- 29:24 It could be the exact same content, but because they paid more for it, it holds more value for them. They’re more likely to act on the things they learned at the conference and follow through, because they’ve made an investment. In a way, if you’re not charging what your conference is really worth, you’re giving people some really great information and chopping the legs off of their ability to carry that out and see that information make a difference in their lives because you’re taking away that perception of value.
- 30:13 Sean: Someone was asking, “How did you come up with the speakers of the conference? How did you define the number of speakers?” It’s a personal relationship with these people. It’s not trying to get the biggest names, but it’s about knowing these people and what they have to provide and appreciating what they have to say, having seen the impact of what they have to say on people and wanting to bring that to this conference experience. The number of speakers is based on not wanting to overly jam pack it to where you can barely go to the bathroom between sessions. Maybe this is just me, but as a speaker, I often feel like I don’t have enough time. I have a lot that I want to share. I want to give people a decent amount of time, not 20 minutes and 10 minutes of Q&A.
The goal of seanwes conference is to provide a ton of value and go in depth on things.
- 31:27 Ben: I’ve been doing workshops, and I’ve done some public speaking before. I’m on a podcast. I’ve learned about myself that it’s really easy for me to go a little bit over on my time. I can come up with plenty to say. I tend to be a little bit too wordy sometimes. I can beat a dead horse, talk in circles, and keep coming back around to the same thing. It’s really good to have constraints. As honored and excited as I am to be a speaker, I’m really looking forward to that experience.
- 32:56 Sean: Ben had a five bullet list, in order, of things he’s excited about. Cory Miller had his own bullet.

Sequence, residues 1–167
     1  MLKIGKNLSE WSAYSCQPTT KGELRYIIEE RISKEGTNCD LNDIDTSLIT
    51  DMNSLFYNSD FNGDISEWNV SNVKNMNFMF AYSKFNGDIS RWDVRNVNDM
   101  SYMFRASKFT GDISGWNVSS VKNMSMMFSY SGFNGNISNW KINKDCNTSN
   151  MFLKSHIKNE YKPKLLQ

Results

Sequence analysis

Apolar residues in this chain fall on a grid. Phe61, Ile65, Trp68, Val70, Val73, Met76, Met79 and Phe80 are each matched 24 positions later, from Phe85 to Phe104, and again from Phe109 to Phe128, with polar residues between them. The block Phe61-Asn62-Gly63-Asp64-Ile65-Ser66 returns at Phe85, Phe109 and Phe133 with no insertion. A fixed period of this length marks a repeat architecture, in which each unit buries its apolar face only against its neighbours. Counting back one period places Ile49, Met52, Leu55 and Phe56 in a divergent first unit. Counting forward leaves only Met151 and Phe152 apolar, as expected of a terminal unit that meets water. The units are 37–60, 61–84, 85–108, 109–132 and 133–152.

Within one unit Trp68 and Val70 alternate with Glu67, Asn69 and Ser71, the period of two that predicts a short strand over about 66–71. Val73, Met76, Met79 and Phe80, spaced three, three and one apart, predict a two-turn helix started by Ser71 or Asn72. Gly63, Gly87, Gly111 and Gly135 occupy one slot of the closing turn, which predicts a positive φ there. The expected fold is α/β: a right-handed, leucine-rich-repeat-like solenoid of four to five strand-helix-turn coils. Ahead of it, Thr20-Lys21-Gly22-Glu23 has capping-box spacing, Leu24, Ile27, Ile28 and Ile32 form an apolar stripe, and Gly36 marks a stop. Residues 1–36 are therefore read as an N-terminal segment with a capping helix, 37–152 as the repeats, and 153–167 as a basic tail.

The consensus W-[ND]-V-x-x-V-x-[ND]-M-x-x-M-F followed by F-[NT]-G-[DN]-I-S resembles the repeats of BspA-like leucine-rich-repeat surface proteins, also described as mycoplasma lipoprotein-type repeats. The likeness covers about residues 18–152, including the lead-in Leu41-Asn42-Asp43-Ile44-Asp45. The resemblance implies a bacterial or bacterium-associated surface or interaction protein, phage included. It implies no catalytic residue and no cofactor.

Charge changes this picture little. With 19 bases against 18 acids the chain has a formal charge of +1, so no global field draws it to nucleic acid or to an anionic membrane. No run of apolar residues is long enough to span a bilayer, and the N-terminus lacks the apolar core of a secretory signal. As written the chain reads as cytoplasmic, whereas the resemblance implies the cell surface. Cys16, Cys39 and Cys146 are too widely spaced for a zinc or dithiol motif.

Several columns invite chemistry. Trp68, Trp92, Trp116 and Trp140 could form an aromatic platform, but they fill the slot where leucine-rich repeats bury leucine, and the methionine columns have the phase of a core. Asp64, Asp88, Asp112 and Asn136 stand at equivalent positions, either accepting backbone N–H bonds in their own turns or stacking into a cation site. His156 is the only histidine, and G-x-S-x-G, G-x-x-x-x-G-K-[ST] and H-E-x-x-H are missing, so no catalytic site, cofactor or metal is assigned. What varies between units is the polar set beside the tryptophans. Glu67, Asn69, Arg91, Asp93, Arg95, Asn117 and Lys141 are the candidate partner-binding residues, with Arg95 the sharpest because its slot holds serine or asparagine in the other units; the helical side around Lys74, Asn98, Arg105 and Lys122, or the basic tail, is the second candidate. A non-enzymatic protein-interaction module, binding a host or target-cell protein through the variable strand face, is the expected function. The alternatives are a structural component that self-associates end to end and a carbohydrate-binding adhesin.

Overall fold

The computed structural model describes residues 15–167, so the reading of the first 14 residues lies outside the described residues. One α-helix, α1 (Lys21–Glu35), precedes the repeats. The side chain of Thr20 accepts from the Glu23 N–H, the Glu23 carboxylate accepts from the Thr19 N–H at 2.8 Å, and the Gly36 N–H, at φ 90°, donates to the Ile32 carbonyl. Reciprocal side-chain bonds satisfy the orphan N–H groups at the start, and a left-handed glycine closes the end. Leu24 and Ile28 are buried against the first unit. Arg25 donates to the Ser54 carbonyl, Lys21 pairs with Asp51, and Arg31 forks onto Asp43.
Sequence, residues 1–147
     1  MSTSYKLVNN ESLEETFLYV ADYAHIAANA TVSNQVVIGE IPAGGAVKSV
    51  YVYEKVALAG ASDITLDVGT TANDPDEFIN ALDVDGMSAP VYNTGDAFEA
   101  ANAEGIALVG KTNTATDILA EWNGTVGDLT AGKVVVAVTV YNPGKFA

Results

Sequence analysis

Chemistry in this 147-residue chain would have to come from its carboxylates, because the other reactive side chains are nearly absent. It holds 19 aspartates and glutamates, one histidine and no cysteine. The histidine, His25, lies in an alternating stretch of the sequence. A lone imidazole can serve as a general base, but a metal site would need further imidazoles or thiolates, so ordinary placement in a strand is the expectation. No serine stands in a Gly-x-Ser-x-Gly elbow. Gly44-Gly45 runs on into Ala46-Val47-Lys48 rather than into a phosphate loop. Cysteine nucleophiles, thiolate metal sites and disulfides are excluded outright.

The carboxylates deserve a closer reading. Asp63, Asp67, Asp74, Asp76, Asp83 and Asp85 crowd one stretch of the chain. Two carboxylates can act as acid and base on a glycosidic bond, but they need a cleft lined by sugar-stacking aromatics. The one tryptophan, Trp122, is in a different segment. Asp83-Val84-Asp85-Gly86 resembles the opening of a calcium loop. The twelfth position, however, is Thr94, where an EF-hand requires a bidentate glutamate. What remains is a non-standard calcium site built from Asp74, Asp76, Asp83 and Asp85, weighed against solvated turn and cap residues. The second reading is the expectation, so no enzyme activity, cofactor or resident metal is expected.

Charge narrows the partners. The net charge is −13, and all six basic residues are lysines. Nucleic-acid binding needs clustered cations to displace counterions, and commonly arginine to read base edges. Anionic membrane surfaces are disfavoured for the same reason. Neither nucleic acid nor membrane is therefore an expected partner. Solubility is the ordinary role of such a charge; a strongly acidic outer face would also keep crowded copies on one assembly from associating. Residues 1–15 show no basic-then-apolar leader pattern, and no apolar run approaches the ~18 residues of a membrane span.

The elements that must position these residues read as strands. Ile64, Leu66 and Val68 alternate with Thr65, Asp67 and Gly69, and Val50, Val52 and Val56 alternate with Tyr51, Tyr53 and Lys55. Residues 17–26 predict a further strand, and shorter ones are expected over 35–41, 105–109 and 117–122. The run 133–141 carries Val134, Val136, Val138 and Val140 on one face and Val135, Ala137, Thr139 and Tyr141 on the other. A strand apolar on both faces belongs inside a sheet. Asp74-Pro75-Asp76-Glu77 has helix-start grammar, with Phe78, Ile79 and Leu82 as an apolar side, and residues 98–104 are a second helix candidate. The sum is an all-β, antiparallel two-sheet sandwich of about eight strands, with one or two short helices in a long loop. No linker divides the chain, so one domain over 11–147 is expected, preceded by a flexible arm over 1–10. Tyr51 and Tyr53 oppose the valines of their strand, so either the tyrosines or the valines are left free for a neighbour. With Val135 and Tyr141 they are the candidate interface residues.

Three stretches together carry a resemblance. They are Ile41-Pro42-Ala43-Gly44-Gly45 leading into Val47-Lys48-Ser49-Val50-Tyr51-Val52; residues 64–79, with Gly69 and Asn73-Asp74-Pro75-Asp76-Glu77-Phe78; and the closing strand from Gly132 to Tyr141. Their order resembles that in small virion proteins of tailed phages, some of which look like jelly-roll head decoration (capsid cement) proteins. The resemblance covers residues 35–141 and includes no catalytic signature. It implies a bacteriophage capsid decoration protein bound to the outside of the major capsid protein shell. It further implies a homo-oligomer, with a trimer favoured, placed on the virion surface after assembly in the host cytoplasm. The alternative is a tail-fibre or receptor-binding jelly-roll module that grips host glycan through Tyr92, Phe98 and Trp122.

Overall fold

- 33:09 Ben: Speaking wasn’t in the top five, but it’s definitely in the top ten. There are so many things I’m excited about for seanwes conference.
Conference Tickets Include A Year of Membership
- 33:25 Sean: When you register for a ticket, you get a year of Community membership. This is one of the big new developments that I’m really excited about. It means that we’re going to be able to open registration to the many loyal seanwes podcast listeners who, for whatever reason, have been listening for hundreds of episodes but still have not joined the Community. I’ve had conversations with people who have said, “I’m very on board with what you’re doing. I listen to all the shows, watch the videos, and subscribe to the newsletter.”
- 34:08 I had my Supercharge Your Writing workshop just a few days ago, and they said, “I’m going to buy that. I’m a writer and I want to learn about this, but my time is super limited. I don’t know that I’m going to be able to invest time, so I haven’t signed up for the Community. I get everything you’re saying, I’m on board with it. I believe in what you’re doing and the big picture of it all, and I want to support you,” but for whatever reason, they haven’t joined the Community. Previously, I was planning on having seanwes conference only be for Community members. We are not about numbers here, just like in the Community. We don’t do free trials or seven day $1 trials.
We’re not about getting numbers—we’re about quality.
- 35:05 It’s the same with the conference. I don’t care if we get 20, 40, 80, or 100 people. We don’t need hundreds or thousands of people. We have had these epic meetups because just 20 Community members together is insane. I don’t care about the numbers. I was planning on making the conference exclusive to Community members. All I want is to create a quality experience for people who are serious. The easiest way to do that was to say, “The serious people are in the Community.” The serious people know that the Community is not, “I don’t have time to invest or to waste,” it’s, “I can’t afford not to invest the time, because if I hadn’t gone in and gotten that direct advice from people in the Community, I would have wasted years going in the wrong direction.”
- 36:43 The serious people are in the Community, so that’s the immediate place I go to. If I want to create a quality experience for people looking to think bigger, take things to the next level, and grow their business, I should make it for Community members. This was my thought process. Then I had a conversation with someone who is very invested and on board with what we’re doing here. I had previously thought of it this way—imagine you take an 8.5 X 11 piece of white printer paper, turn it sideways so it’s landscape, and you draw a line in the middle. On the right, this was people who are serious, people who are invested. I thought those people would be in the Community.